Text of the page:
Harper’s Bible Commentary notes that, in Mark, the cursing of the fig tree and the cleansing of the Temple ‘are “intercalated” and interpret each other.’ There may be a link with Lk 13:6-9, where the unfruitful tree symbolises an unfaithful people (Isa 5:1–7; Jer 8:13; Mic 7:1). The cursing of the tree, together with the expulsion of the traders from the Temple, are parabolic actions, such as we find in Jer 27:2; Ezek 4:1–5:17.
‘The fig tree was a well-known symbol for Israel in the Old Testament (cf., e.g. Jer 24:1-10; Mic 7:16; Hos 9:10), and Jesus had already told a parable about a fig tree in danger of being cut down, clearly symbolising the peril in which the Jewish nation placed herself by rejecting her Messiah (Lk 13:6-9). Jesus, like many of the Old Testament prophets before him, was dramatising his message with an object lesson or “enacted parable”. Just as he withered a tree that bore no fruit, so also God would take away the privileges of Israel is she did not repent and turn to her appointed Saviour.’ (The Historical Reliability of the Gospels, p131).
Commenting specifically on Mark’s version@
‘Jesus’ entry into the city in Mark’s account…does not fulfill any Jewish nationalistic hopes “to destroy the unrighteous rulers, to purge Jerusalem from Gentiles” (Pss. Sol. 17:21-46). Jesus, rather, brings judgement upon unfruitful Israel (Mk 11:12-14,20-21; cf. Ho 9:10-17) which has turned God’s “house of prayer for all nations” into a “den of brigands” (Mk 11:15-19; cf. Isa 56:7; Jer 7:11). As Mark concludes his story, Jesus maintains his claim to kingship, (Mk 14:61-62; 15:2) but over the universal realm of the “Son of God” (Mk 15:39; cf. Mk 12:6,35-37).’ (DJG)
In summary then, Jesus’ behaviour seems irrational. But the incident is an acted parable. To Jesus, the fig tree, fair, but barren, spoke of Jerusalem, full of religious observance but devoid of true fruitfulness.
According to the IVP NT Background Commentary,
‘At this time of year, edible figs were still about six weeks away, but the bland fruit had recently appeared on the tree in late March; they would become ripe by late May. These were the early figs that preceded the main crop of late figs, which were ripe for harvest from mid-August into October. If only leaves appeared, without the early figs, that tree would bear no figs that year-early or late. Because everyone would know that it was “not yet the season for real figs,” Jesus is making a point about trees that only pretend to have good fruit (cf. Jer 24).’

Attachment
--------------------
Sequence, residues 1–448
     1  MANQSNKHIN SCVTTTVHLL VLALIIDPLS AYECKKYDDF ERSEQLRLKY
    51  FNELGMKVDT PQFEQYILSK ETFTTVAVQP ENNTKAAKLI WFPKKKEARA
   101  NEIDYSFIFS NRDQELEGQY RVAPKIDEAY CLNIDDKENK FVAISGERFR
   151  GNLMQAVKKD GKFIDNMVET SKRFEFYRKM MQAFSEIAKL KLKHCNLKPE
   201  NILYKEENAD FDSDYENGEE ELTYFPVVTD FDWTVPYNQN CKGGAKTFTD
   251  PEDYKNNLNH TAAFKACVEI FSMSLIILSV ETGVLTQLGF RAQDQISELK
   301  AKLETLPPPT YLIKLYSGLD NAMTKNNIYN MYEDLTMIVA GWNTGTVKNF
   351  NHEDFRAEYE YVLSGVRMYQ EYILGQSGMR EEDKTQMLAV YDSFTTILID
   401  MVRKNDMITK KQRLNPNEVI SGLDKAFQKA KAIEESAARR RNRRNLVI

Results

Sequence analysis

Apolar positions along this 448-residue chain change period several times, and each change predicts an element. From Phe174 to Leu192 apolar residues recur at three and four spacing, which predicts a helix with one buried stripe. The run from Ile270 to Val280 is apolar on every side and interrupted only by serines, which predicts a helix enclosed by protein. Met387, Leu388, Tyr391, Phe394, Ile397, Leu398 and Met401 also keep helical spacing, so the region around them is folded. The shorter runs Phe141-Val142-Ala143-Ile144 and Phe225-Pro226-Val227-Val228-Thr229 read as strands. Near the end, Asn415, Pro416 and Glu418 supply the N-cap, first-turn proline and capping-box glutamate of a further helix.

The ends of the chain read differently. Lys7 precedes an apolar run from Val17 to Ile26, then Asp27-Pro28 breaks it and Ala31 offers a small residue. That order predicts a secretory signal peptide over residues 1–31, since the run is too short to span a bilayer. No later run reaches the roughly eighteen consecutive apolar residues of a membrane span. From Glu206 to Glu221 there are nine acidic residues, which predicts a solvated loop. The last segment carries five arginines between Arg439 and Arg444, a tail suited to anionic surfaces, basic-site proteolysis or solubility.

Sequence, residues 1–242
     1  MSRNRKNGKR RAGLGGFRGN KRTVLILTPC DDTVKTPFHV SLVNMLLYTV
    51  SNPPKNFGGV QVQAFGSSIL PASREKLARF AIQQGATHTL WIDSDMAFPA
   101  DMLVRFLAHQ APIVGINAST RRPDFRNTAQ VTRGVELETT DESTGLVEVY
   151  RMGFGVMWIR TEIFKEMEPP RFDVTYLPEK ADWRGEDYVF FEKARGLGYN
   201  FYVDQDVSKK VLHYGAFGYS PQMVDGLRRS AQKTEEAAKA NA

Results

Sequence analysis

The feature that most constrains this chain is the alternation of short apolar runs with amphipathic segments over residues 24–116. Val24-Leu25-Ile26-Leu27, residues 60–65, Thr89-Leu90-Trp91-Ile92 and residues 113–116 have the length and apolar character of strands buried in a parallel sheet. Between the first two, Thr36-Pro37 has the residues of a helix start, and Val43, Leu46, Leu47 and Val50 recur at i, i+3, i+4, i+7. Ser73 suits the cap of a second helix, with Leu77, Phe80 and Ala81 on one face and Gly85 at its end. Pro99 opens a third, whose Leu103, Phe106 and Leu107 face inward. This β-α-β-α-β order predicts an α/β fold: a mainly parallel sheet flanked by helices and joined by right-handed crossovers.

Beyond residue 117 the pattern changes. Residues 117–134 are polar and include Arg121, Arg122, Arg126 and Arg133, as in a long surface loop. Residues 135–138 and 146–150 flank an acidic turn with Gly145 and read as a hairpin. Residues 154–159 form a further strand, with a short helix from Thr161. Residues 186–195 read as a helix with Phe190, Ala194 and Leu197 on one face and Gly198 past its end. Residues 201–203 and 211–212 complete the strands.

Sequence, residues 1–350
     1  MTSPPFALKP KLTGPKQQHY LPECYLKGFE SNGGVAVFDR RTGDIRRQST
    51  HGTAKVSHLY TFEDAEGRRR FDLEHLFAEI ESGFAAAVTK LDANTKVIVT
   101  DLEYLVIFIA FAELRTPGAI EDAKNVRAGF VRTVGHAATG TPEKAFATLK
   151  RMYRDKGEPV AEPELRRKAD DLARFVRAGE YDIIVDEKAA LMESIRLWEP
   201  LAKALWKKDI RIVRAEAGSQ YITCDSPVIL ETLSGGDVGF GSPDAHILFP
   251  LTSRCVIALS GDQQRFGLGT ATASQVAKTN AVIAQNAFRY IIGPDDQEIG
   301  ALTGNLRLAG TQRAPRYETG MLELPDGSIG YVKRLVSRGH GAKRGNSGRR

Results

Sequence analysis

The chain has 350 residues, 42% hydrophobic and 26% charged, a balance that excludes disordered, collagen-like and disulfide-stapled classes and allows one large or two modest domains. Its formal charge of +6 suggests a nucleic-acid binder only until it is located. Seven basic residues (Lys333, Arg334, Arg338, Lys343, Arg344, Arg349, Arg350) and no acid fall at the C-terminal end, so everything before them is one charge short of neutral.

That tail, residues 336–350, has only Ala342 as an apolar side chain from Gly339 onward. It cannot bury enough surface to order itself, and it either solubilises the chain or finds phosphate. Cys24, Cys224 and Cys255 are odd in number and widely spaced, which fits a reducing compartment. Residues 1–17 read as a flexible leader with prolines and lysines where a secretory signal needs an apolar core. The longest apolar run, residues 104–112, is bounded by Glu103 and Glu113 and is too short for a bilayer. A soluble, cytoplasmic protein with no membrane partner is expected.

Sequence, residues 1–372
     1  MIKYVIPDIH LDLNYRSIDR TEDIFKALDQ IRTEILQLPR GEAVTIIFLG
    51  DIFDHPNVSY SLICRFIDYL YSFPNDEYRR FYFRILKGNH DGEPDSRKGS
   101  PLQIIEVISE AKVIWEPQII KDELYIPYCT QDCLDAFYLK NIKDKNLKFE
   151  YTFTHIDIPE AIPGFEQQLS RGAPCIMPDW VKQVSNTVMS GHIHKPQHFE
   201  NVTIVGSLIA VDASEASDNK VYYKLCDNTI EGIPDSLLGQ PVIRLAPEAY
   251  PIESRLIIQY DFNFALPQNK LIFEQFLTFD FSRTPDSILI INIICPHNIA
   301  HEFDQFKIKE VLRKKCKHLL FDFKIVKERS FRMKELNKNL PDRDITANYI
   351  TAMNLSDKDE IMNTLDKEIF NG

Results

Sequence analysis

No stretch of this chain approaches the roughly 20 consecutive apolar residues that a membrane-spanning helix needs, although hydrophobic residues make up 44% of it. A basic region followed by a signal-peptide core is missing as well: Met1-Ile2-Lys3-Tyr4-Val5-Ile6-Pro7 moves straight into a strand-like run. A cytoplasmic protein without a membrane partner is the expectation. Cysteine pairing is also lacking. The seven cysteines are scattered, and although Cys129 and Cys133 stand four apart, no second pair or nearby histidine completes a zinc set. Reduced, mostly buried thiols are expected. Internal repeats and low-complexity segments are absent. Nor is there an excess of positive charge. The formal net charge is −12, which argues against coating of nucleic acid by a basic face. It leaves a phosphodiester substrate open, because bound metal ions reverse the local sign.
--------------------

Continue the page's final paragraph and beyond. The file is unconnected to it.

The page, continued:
‘In March fig trees in Israel normally produce small buds followed by large green leaves in April. The small buds were edible “fruit.” The time when Jesus “cursed” the fig tree was the Passover, that is, April. Since the tree had no buds it would bear no fruit that year. But “the season for figs” was late May and June, when the normal crops of figs ripened. Jesus’ denouncing of the tree symbolized Israel’s absence of spiritual vitality (like the absence of the buds) in spite of her outward religiosity (like the green leaves).’ (Basic Bible Interpretation)
This incident, is, no doubt, to be linked with Jesus’ weeping over Jerusalem, and with the cleansing of the temple. The tree was in leaf, but fruitless; the temple was a splendid sight, yet devoid of true godliness; Jerusalem was full of joyful, expectant pilgrims, yet about to reject her King. All three incident belong together, and interpret one another.
See also this article by Greg Lanier.